The best thing she did in her career was to think big. "I wanted to see my work in large format, even though others wouldn't see it," she says. She used to enlarge her sculptures here, in her studio at home in Churriana. "It took me a year to do some of them, I didn't have the money to pay for it," she says. But the bet paid off and those characteristic stylised figures, with movement and voids full of meaning, appealed to architects, who took her work into the street. "And then I really began to sell," she says.
She laughs when people say she was one of Malaga's first street artists. "People have no idea; sculpture is meant to be outside. In a living room it is a bother, it needs more space than a painting because it has to be seen from all sides," she explains. In 360 degrees, which is one of her strengths and a great creative challenge.
"Sometimes you have to sacrifice good bits so that it can turn and be seen properly from all angles," she says. She loves to see how people interact with her sculptures, and was delighted to find that some would sit and climb on them. "That's why I started to make them more comfortable," she says. So then she created Seated Couple, Seated Woman and Seated Family, "so that mums could sit there while their little ones ran around the park," she explains.
And then the conversation turns to motherhood. "My husband says I am so disorganised that I had babies in the wrong place," she jokes, trying to take the edge of the subject. She had two extrauterine pregnancies and a miscarriage. "Maybe if it had been in this day and age, it might have been possible," she says. But she doesn't let it get her down. "I have nephews who are like my sons and look after us," she says (they live with them). "I am honestly very content, because all my life I have had fun," she insists.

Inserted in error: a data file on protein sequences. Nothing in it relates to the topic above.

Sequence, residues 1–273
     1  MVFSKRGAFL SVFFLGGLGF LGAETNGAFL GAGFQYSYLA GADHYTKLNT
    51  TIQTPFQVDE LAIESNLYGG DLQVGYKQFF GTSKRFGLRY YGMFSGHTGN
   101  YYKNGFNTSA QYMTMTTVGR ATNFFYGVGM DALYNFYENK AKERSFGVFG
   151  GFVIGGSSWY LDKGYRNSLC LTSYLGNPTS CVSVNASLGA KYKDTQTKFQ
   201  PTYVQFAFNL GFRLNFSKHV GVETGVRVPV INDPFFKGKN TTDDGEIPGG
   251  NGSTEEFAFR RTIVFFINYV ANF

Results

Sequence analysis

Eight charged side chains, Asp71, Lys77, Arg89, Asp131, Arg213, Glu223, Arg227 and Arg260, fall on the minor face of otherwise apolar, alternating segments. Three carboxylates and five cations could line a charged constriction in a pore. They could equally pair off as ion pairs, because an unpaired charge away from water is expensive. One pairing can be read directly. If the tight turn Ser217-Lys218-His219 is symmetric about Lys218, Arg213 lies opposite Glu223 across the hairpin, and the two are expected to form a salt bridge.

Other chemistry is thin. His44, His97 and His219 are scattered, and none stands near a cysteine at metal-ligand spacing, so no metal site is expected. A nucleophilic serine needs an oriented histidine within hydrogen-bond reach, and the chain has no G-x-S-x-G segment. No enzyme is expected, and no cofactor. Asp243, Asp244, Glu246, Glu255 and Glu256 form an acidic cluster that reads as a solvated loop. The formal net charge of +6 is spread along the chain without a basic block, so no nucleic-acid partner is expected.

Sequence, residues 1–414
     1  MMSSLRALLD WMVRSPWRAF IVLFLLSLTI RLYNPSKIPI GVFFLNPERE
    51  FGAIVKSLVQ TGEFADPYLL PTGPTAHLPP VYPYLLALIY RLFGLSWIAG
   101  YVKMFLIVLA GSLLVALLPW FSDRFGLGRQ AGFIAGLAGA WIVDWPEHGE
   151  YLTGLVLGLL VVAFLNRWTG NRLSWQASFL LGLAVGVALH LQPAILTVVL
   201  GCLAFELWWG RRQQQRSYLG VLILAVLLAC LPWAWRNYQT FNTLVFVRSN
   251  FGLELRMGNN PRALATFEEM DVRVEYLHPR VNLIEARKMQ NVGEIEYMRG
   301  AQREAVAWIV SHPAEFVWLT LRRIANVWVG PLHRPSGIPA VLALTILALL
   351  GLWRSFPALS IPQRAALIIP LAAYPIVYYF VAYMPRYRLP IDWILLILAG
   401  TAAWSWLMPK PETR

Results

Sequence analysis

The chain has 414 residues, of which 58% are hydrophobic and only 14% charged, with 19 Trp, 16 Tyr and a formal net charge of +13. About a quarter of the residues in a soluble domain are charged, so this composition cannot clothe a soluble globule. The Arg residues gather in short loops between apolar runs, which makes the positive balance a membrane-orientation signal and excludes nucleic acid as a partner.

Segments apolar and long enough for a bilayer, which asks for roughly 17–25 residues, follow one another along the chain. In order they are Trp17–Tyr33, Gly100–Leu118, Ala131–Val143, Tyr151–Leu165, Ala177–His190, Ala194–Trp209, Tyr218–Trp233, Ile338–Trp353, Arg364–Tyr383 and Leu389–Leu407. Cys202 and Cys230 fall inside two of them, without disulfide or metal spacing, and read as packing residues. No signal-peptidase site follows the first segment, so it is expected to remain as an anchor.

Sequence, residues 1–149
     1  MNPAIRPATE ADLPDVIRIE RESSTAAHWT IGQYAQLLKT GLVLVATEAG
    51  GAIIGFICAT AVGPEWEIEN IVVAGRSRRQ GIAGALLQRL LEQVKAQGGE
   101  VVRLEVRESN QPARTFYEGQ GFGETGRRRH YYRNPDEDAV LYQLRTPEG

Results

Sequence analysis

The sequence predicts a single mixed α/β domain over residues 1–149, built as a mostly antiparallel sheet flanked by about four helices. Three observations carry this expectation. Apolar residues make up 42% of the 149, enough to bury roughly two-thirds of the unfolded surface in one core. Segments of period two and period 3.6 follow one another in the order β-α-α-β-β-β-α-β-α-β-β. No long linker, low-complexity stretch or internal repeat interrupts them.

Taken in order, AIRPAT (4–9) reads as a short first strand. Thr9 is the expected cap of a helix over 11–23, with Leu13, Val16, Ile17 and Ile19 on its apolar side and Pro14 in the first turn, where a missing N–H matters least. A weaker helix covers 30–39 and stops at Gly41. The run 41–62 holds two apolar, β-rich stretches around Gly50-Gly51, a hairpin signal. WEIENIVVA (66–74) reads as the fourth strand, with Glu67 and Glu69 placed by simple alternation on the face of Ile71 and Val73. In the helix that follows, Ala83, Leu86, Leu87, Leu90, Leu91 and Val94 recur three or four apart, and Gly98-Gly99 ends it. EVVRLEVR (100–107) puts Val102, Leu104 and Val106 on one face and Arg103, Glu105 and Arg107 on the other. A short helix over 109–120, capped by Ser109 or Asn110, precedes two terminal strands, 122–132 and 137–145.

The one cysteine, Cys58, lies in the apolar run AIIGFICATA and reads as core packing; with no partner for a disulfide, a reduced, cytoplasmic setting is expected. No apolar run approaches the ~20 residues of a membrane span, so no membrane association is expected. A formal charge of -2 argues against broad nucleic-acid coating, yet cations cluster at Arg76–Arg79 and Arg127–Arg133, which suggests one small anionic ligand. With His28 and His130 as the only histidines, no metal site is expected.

In Malaga you can follow a 'Laverón route' which starts on the Antonio Machado seafront promenade and passes the family that greets visitors outside La Rosaleda stadium, the emotive Monument to the Donors in the Plaza de la Solidaridad with its symbolic space in the heart and the Man Reclining in Three Modules that rises from the lake in the Parque del Oeste. And there are more: in the park in Huelin, the Malaga Plaza shopping centre, the Boulevard Louis Pasteur, on the Andalusian Technology Park and on roundabouts and in squares in Torremolinos, Benalmádena, Marbella and Estepona, not to mention Ceuta, Madrid, Paris and Atlanta.
Those are just the ones outside. Museums all over the world have works by Elena Laverón in their collections, from the Guggenhein in New York to the Reina Sofía, the Massachusetts Museum of Art, the Mülheim Museum in Germany, the Bag Ragaz in Switzerland, the Mexican Tuluca Museum and, of course the Museum of Malaga.
She doesn't like talking. "I can relax in small groups of people I know, but otherwise I get very nervous," she says. This is because of a slight asphasia she has had since childhood and she muddles her words when the focus is on her. That's why she has always avoided making speeches and academic events, and feels more secure in her studio surrounded by figures who don't ask her questions.
There, in her refuge, Elena Laverón reflects upon her contribution to art, the individuality in her work, with its open space and the eternal sensation of movement. "I think we all look for something through our work. I have contributed my little bit with sculptures that seem to me to be important, and that for me is sufficient," she says. And, despite everything, she admits: "I still have a lot of things pending, but I'll leave them till the next reincarnation now."
–Do you believe in reincarnation, then?
–Yes, even though Christians who refute it worship a reincarnate. But I do believe in it. There are very intelligent and very good people in this world, and others who don't know anything because they haven't learned enough on this planet.
-And which group do you belong to?
–I still have a lot to learn. But in sculpture I think I've done well.